Also, something that people might not be thinking about is that for people who enjoy teaching, there are opportunities to facilitate training workshops with staff of client organizations, students, and even other evaluators.  There are always opportunities to mentor or advise young or new evaluators. So, if you are an educator, you might be happily surprised to find that there are many ways to find expression of this interest in contexts outside of the traditional higher-education classroom.

What is your advice for someone trying to break into the field of program evaluation?

Conduct informational interviews!  In Julie’s case, she got started by talking with people in international development, applied social science research, evaluation, and consulting.

Join the American Evaluation Association (http://www.eval.org)

Get as much experience as you can with: Participant observation, Focus groups, Survey design and analysis

Anything else?

  • Take classes in a range of research methods
  • Learn to use data analysis software
  • Take classes in topical areas of interest
  • Look for relevant internships and part-time RA positions
  • Read articles in evaluation-focused journals
  • Attend evaluation conferences and pre-conference workshops (student discounts usually available)

Thank you Julie for this edifying look at this fascinating world of work!

Return to Career Profiles in Linguistics.

Ethnography, Professional self-presentation

Noisy Not: a fun example!

One of my favorite examples of the “noisy not” comes from a website of one of my favorite authors: Tony Hawks. As it happens, his name is quite similar to the skateboarder Tony Hawk and as such, he gets a great deal of fan mail about skateboarding. To make matters worse, the skater Tony Hawk has created a franchise, almost every product of which is presented with the possessive e.g. “Tony Hawke’s Proving ground” a game for playstation, which explains why it is that someone may not notice the difference between Tony Hawke’s and Tony Howkes if one were doing a “google search” for a means to connect with one’s favorite skateboarder.
This confusion explains some strikingly unexpected deictics which greet you immediately upon landing on Tony Hawks (the author’s) official website, including a graphic of a post-it note with an arrow indicating “me” and a Polaroid picture with the label “Hello skate fans”


That Tony Hawks is a comedian becomes apparent when you click on the “skateboarding” link, where he bemoans the confusion between Tony Hawks the “startlingly good looking British male model” (joke), and Tony Hawk an “American whiz kid skateboarding champion,” going on then to present some of the ludicrous fan mail which he receives (apparently intended for Tony Hawk), to which he obligingly responds for the merriment of his fans.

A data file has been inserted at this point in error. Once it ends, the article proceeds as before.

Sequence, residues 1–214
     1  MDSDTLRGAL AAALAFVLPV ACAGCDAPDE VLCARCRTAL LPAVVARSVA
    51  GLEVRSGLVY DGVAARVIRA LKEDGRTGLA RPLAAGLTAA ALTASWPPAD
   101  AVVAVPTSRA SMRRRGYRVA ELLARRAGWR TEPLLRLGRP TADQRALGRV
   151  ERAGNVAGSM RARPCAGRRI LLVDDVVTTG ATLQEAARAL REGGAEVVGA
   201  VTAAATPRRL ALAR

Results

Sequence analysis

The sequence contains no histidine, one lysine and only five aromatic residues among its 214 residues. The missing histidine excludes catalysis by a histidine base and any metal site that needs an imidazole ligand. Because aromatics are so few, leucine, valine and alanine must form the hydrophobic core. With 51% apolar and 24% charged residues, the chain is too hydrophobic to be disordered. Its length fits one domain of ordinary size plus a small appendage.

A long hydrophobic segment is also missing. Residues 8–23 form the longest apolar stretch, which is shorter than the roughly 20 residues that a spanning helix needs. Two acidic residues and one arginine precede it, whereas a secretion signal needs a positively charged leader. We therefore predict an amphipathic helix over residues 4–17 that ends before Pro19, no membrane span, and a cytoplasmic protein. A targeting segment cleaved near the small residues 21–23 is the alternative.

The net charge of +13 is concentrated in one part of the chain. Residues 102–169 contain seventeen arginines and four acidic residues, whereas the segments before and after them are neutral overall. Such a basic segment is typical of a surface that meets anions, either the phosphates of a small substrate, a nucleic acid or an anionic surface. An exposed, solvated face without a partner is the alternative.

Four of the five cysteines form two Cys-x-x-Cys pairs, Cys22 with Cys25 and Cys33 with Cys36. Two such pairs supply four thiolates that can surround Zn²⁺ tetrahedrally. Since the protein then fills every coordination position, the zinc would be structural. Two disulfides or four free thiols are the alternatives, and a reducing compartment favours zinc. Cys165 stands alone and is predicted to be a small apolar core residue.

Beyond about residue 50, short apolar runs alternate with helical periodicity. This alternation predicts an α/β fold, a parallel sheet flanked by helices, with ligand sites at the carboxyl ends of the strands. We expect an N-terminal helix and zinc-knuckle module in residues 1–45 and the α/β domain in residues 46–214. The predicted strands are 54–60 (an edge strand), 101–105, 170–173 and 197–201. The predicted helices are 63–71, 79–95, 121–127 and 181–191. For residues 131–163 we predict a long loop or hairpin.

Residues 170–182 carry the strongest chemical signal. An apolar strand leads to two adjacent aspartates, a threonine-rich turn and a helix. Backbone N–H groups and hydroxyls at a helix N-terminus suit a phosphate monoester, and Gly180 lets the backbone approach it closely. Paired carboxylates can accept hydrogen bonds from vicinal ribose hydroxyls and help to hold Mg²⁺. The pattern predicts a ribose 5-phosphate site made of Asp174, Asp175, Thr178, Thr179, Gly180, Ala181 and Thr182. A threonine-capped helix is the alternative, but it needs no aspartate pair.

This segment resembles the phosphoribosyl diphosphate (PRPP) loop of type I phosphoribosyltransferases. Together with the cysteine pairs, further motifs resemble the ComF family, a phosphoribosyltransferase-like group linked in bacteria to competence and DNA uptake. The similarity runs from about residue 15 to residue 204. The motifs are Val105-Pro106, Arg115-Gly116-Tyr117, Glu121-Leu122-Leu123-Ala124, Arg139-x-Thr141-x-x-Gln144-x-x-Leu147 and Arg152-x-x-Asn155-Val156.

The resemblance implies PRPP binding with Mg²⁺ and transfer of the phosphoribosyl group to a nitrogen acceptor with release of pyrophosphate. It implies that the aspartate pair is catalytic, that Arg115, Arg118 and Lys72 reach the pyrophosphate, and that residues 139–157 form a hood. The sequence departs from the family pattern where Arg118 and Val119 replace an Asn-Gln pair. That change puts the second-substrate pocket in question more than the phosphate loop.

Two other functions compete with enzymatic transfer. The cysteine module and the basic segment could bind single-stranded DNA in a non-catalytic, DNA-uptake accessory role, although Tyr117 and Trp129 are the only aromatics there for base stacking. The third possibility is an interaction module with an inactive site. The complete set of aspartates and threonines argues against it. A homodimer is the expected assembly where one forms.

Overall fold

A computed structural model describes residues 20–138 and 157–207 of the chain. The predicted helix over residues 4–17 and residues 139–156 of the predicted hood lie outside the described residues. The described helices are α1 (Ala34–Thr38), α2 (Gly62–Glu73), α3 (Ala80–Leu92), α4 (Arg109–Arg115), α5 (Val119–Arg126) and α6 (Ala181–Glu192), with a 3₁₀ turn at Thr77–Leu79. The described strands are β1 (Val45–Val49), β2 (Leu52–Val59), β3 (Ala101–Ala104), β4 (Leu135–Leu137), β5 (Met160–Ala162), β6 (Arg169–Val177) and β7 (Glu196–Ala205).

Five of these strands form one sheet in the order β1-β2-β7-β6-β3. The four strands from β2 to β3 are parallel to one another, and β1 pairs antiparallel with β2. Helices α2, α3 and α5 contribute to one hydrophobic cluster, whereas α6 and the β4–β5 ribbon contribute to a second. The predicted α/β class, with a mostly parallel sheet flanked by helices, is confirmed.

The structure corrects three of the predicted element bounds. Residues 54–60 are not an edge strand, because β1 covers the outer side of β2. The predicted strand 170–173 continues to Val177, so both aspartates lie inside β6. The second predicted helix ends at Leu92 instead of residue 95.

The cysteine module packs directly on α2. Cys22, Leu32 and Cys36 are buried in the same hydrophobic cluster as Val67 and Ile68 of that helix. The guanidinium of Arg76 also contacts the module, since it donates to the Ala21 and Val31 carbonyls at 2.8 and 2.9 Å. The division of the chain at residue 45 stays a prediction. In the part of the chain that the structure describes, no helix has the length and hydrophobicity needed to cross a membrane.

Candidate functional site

This is a humorous example, but a quick glance at any website will yield compelling information not only about who they ARE, but who they are NOT which is likely to be illuminating to the jobseeker for myriad reasons.

Career Education, Ethnography

Researching the IRB

Students often ask me questions about the IRB process couched in terms of what they *have* to do or about what I want them/need them to do for a particular project, to which I usually answer “what do YOU think you need to do?” By reframing the question in this way, I am not avoiding the question. Instead, what I am hoping to accomplish is to help them see the IRB in a new way. In a way that shows a sense of responsibility for the work and respect for the process. But the piece that I think I have been missing is the perspective of the research participant. Instead of saying: “what do YOU think you need to do?” I realize that I should instead be saying “what would YOUR PARTICIPANTS want for you to do?” I am starting to think about this in terms of becoming the kind of a researcher that I would to come do participant observation with me.

What kind of a researcher would I want to explore my community?
The research that we do is fundamentally about gaining an appreciation for and understanding of people, but sometimes we forget to think about ourselves in this way. As ethnographers, we are of course aware of feeling anxious and awkward at times, but for every ounce of emotion that we experience, we should remember that many of these are (perceived) reactions to the emotional responses to our very presence as researchers, which in turn engenders new responses, which are then refracted through and experienced by our participants, who also, lest we forgot, have their own emotions, not to mention reactions to being studied. Okay, so this is starting to get kinda complicated….

But really, it is quite simple: If someone announced themselves to me as my ethnographer, what kind of person would I want for them to be?

A good listener